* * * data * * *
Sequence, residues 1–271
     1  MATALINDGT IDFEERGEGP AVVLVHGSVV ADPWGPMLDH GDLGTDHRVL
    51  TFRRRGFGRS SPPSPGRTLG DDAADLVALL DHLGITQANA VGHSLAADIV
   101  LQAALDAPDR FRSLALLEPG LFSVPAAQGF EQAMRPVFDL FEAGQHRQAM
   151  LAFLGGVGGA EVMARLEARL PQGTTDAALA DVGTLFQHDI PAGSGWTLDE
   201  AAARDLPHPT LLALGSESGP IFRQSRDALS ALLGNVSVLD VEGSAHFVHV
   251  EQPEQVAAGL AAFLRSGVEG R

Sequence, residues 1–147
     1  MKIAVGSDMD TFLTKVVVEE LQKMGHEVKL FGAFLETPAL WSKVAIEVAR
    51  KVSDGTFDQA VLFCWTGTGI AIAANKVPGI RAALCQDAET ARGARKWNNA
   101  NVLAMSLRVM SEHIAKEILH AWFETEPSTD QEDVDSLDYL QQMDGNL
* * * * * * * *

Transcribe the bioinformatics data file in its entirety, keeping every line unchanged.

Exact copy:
Sequence, residues 1–271
     1  MATALINDGT IDFEERGEGP AVVLVHGSVV ADPWGPMLDH GDLGTDHRVL
    51  TFRRRGFGRS SPPSPGRTLG DDAADLVALL DHLGITQANA VGHSLAADIV
   101  LQAALDAPDR FRSLALLEPG LFSVPAAQGF EQAMRPVFDL FEAGQHRQAM
   151  LAFLGGVGGA EVMARLEARL PQGTTDAALA DVGTLFQHDI PAGSGWTLDE
   201  AAARDLPHPT LLALGSESGP IFRQSRDALS ALLGNVSVLD VEGSAHFVHV
   251  EQPEQVAAGL AAFLRSGVEG R

Sequence, residues 1–147
     1  MKIAVGSDMD TFLTKVVVEE LQKMGHEVKL FGAFLETPAL WSKVAIEVAR
    51  KVSDGTFDQA VLFCWTGTGI AIAANKVPGI RAALCQDAET ARGARKWNNA
   101  NVLAMSLRVM SEHIAKEILH AWFETEPSTD QEDVDSLDYL QQMDGNL